With nursing home care costing more than $90,000 a year in Minnesota and assisted-living facilities charging roughly half that, it’s easy even for those who diligently put away money to outlive their savings. When that happens, Medicaid is the program that steps in to assist elderly Americans who require long-term care and are unable to pay for it.
Medicaid’s critical role as a safety net for the elderly and other vulnerable groups is why care, caution and transparency are absolutely critical when any program changes are considered, much less the alarming reductions in federal funding newly revealed Thursday in a more detailed analysis of the Senate health care bill. There’s no painless way to replace missing dollars from the U.S. government, which works in partnership with the states to pay for the program. The drastically reduced support the Senate bill calls for would hobble Medicaid’s ability to serve the coming wave of baby boomers creating unprecedented demand for long-term care.
The Congressional Budget Office (CBO) performed an important public service Thursday by spotlighting the deeper, poorly understood future cuts the bill proposes. The first CBO report, released Monday, only went out to 2026. The agency concluded that federal support during this next decade would decrease 26 percent.
But the second report analyzed the funding changes for the 10 years after 2026. It concluded that federal Medicaid spending would be cut by 35 percent by 2036 — an unprecedented and unacceptable withdrawal of support.
At the least, Senate Republicans need to slow down and ensure that lawmakers fully grasp what a “yes” vote means. As part of that, senators need to hear from state policymakers, who would be left to deal with the gaping budget gaps the bill would create for a program that serves the elderly, the disabled and more than 30 million children.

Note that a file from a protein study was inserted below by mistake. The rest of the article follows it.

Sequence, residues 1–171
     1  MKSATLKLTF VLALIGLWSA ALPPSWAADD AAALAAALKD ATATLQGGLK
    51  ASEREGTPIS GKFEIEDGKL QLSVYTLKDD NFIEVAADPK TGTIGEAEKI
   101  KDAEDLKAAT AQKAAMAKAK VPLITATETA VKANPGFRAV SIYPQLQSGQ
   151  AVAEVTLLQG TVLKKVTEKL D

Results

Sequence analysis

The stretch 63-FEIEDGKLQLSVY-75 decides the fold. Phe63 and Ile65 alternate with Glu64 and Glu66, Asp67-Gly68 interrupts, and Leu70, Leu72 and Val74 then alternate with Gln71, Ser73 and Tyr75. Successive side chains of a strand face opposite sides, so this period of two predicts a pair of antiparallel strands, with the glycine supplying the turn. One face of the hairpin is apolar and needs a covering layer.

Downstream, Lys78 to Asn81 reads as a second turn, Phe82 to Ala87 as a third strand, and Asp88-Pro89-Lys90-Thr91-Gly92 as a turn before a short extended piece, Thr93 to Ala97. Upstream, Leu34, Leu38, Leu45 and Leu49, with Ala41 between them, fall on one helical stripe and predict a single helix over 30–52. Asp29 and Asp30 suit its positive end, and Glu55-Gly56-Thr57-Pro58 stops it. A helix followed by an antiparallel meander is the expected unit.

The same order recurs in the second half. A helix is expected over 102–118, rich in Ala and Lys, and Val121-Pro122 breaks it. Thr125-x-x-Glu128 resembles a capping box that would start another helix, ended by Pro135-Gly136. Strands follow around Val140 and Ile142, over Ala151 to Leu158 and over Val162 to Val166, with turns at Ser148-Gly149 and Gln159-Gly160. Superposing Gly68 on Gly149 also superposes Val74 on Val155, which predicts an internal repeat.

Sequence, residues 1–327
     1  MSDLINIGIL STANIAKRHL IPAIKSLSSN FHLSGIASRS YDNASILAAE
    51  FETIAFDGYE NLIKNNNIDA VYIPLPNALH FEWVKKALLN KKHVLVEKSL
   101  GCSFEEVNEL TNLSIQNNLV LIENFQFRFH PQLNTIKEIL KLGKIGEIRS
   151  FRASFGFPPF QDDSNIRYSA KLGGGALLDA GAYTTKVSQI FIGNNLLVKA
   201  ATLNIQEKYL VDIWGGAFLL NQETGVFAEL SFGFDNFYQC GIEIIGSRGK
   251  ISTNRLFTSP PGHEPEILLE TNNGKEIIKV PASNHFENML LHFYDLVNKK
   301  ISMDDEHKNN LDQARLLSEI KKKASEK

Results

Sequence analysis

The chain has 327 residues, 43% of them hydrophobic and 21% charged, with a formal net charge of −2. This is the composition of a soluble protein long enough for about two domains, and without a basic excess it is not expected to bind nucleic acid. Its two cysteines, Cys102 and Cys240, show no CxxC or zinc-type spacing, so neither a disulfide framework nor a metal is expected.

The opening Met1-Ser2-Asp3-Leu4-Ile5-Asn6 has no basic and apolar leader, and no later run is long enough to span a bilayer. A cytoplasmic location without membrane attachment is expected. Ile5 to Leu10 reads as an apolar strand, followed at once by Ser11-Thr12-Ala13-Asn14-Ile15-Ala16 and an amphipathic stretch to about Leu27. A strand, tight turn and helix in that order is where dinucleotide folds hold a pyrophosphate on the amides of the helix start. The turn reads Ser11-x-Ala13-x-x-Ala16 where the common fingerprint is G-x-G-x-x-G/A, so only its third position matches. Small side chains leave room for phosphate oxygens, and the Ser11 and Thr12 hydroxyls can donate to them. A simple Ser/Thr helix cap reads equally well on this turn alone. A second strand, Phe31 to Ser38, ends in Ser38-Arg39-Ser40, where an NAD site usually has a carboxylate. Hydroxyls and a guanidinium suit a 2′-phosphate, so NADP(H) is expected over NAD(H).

Medicaid is jointly funded by the federal government and states. In 2016, the U.S. government provided $6.4 billion — 57.4 percent — of Minnesota’s $11.2 billion in Medicaid spending. A degree in health economics is not needed to see that the Senate bill reductions would be difficult for state taxpayers to fill. As the CBO noted Thursday, states would be left with unpalatable options beyond that, such as eliminating services, restricting Medicaid enrollment or reducing payments to medical providers.
State health leaders are understandably sounding the alarm. The Minnesota Hospital Association and LeadingAge Minnesota, a nursing home trade group, sent a forceful letter Friday to the state’s congressional delegation. Minnesota Department of Human Services (DHS) Commissioner Emily Johnson Piper weighed in this week, saying that the Senate bill, or the one passed in the U.S. House in June, could reduce federal funds to Minnesota by $2 billion in the first 18 months.
Gov. Mark Dayton also blasted the Senate bill in a Friday statement, calling it a “shameful ploy” that hurts the vulnerable while reducing taxes on the “very wealthiest” Americans. “The bill recently assembled in secret by a handful of Senate Republicans would severely harm many thousands of elderly, sick and lower- to middle-income Minnesotans,” Dayton said. “Like the bill passed by House Republicans, it would make the problems with our existing health care system much worse, not any better.’’
Dayton’s point about the congressional health reforms hurting middle-class Minnesotans is important. Many people mistakenly believe that the policy changes wouldn’t affect them. But the impact on long-term care especially could reach across many income levels. Even those with healthy incomes or savings would be challenged to pay for nursing home bills for long.
Roughly 70 percent of those 65 and older will need long-term care. Only 10 percent of elderly Americans have private long-term care insurance, according to the National Bureau of Economic Research. Medicaid has bridged that gap. Changes to it must be made transparently and with an honest discussion of the consequences for the 74 million elderly, disabled and poor Americans reliant on this vital program.